A rather unusaul disc from the dusty vaults of my collection now - a Durium label "flexidisc" that seems to be made of cardboard coated with some kind of plastic. It enjoyed a brief popularity in the inter war years and sometimes sold at news stands and kiosks for a few pence. They were amazingly bendy and not as fragile as the heavier shellac 78's but sadly curled up aftera few plays and never really caught on. Being one sided, two tracks had to be squeezed onto one side which didnt help the sound quality much. This disc is rather worn and the second track has a nasty jump half way through. Also as you can see I had to employ a novel way of weighing down the centre with a roll of sticky tape, the middle was apt to rise up the spindle and distort the sound even further!
Here is a quote from Time Magazine in 1937-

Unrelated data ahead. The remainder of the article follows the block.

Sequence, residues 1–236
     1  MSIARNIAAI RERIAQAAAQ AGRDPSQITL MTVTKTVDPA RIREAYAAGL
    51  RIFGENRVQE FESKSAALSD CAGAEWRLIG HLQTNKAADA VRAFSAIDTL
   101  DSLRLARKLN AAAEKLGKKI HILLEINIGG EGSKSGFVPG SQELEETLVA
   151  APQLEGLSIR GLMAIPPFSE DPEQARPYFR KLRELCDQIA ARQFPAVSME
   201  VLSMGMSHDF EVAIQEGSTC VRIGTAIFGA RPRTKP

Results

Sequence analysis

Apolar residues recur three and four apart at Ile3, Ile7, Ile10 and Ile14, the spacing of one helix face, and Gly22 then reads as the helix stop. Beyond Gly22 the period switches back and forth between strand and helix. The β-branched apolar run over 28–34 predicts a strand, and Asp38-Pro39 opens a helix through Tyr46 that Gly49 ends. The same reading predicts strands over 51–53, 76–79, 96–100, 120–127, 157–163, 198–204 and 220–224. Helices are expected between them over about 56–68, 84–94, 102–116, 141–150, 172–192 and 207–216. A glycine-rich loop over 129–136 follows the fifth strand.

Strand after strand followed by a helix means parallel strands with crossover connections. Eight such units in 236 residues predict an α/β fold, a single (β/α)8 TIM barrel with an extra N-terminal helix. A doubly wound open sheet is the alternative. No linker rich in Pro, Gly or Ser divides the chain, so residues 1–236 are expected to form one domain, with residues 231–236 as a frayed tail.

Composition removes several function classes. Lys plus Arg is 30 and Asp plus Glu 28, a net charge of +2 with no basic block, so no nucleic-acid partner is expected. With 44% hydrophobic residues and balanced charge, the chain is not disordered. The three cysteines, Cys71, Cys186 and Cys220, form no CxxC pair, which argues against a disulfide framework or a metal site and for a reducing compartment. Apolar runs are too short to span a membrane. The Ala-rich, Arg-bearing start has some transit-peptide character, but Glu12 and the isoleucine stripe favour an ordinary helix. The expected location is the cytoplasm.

"On news stands in Springfield, Mass., and Hartford, Conn., last week, there appeared for sale an article which set many a passer-by to wondering. It was a phonograph record, not black but brown; no thicker, scarcely any heavier, than a stiff piece of paper; and it bore the name of an unknown corporation called Durium Products. Durium is the recent invention of Dr. Hal Trueman Beans, Professor of Chemistry at Columbia University. It is a synthetic resin, somewhat like bakelite. In its original form it is a liquid composition the color of varnish which when exposed to heat becomes so solid that dropping or mild whacks will do it no harm. Like varnish too it can be spread with a brush but there the resemblance stops. Durium hardens so quickly that phonograph records, which are pressed from metal disks, can be stamped on it with the speed of a printing press. The manufacture of records is the first commercial use to which durium has been put, and so cheaply was it accomplished that first ones were offered at 15¢ apiece."